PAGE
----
Getting the musicians back together is no easy task and neither is finding a manager and backer. At times one feels the whole venture is going to fall apart, particularly when we find out that none of the musicians has a valid passport. However, Gypsy friends are at hand!
We arrive in Paris about halfway through the film, where a prominent violin soloist, Anne-Marie Jacquet, has been requested to play Tchaikovsky's violin concerto with the orchestra. The reason for this choice becomes apparent when we learn that there is history between soloist's manager, Guylène, and Filipov, and that Anne-Marie has a history of which she has never been made aware. A dinner with Filipov unnerves her as he struggles with his past and the desire to tell her a secret that would change her life.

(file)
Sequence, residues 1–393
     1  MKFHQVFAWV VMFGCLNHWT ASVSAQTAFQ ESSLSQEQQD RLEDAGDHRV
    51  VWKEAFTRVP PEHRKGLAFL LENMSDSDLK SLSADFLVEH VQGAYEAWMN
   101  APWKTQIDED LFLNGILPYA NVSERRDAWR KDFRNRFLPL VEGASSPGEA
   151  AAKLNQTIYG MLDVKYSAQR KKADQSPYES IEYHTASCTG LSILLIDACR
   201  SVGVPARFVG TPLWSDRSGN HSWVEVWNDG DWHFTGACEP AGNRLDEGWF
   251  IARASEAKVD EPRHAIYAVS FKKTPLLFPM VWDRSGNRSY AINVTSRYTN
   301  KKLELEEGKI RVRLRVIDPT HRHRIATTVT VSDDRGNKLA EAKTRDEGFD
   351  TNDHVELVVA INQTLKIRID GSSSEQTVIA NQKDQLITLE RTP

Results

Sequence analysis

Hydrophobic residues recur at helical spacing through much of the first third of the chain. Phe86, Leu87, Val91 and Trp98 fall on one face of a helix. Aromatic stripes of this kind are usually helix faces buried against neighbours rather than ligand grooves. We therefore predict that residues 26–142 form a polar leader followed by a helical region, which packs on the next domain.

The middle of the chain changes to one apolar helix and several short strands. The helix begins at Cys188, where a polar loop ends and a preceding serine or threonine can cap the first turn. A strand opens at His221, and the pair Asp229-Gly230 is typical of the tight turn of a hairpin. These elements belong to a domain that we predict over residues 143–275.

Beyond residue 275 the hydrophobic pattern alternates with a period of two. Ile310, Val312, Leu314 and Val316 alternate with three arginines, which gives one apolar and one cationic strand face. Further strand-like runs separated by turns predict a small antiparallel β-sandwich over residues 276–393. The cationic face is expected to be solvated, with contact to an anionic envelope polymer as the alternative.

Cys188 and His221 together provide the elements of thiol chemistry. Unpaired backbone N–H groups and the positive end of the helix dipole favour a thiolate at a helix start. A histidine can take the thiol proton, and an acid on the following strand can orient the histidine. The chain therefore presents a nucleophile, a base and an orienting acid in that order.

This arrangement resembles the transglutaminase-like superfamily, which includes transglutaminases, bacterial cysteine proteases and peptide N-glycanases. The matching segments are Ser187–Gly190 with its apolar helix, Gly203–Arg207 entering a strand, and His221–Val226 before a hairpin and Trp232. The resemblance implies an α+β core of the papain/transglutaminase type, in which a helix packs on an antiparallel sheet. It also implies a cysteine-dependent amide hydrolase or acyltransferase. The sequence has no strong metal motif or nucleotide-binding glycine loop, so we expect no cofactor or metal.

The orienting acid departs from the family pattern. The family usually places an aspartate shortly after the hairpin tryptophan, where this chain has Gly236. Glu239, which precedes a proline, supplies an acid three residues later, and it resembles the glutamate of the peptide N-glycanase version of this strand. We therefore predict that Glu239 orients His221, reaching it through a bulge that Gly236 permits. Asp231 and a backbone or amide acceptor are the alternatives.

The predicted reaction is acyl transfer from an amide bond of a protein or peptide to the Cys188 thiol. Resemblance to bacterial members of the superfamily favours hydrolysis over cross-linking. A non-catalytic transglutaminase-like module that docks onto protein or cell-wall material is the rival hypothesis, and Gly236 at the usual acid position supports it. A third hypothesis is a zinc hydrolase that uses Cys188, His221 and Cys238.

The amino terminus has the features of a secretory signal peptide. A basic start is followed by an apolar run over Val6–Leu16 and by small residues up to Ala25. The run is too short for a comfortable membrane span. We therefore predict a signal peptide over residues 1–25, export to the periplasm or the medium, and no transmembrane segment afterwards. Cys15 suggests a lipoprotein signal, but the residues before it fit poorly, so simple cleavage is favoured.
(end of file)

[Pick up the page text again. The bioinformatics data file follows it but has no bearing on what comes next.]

The concert is a sell-out, but starts badly, with the largely unrehearsed players not harmonising, but once Anne-Marie comes in with the solo violin, the orchestra is transformed.
Mélanie Laurent, who plays Anne-Marie, is very impressive as the solo violinist. You will believe that she is playing the piece, which is regarded as one of the most difficult in a solo violinist's repertoire. She was in fact coached for two months by the actual soloist, Sarah Nemtanu. It's a tremendous piece of music, enhanced by the emotion that Anne-Marie shows while playing it.